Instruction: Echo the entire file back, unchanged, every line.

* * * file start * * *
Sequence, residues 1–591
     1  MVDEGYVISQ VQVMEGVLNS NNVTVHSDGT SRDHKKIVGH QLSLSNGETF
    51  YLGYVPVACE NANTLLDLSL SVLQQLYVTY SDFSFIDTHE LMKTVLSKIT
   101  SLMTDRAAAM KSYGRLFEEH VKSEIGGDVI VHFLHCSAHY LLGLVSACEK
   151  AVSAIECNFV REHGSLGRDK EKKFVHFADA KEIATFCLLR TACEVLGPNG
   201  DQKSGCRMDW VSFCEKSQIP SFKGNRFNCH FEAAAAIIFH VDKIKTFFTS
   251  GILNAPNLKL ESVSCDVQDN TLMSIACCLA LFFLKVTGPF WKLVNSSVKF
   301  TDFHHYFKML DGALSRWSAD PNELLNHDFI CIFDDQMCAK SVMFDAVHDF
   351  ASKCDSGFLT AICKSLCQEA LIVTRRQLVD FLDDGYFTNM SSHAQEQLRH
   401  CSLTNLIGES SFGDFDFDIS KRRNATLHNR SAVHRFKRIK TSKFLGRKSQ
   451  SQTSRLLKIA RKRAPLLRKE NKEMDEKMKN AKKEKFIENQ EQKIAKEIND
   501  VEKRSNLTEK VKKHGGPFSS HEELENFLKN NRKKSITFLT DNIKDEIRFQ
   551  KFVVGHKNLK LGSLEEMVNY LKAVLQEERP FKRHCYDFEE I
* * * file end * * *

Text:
Sequence, residues 1–591
     1  MVDEGYVISQ VQVMEGVLNS NNVTVHSDGT SRDHKKIVGH QLSLSNGETF
    51  YLGYVPVACE NANTLLDLSL SVLQQLYVTY SDFSFIDTHE LMKTVLSKIT
   101  SLMTDRAAAM KSYGRLFEEH VKSEIGGDVI VHFLHCSAHY LLGLVSACEK
   151  AVSAIECNFV REHGSLGRDK EKKFVHFADA KEIATFCLLR TACEVLGPNG
   201  DQKSGCRMDW VSFCEKSQIP SFKGNRFNCH FEAAAAIIFH VDKIKTFFTS
   251  GILNAPNLKL ESVSCDVQDN TLMSIACCLA LFFLKVTGPF WKLVNSSVKF
   301  TDFHHYFKML DGALSRWSAD PNELLNHDFI CIFDDQMCAK SVMFDAVHDF
   351  ASKCDSGFLT AICKSLCQEA LIVTRRQLVD FLDDGYFTNM SSHAQEQLRH
   401  CSLTNLIGES SFGDFDFDIS KRRNATLHNR SAVHRFKRIK TSKFLGRKSQ
   451  SQTSRLLKIA RKRAPLLRKE NKEMDEKMKN AKKEKFIENQ EQKIAKEIND
   501  VEKRSNLTEK VKKHGGPFSS HEELENFLKN NRKKSITFLT DNIKDEIRFQ
   551  KFVVGHKNLK LGSLEEMVNY LKAVLQEERP FKRHCYDFEE I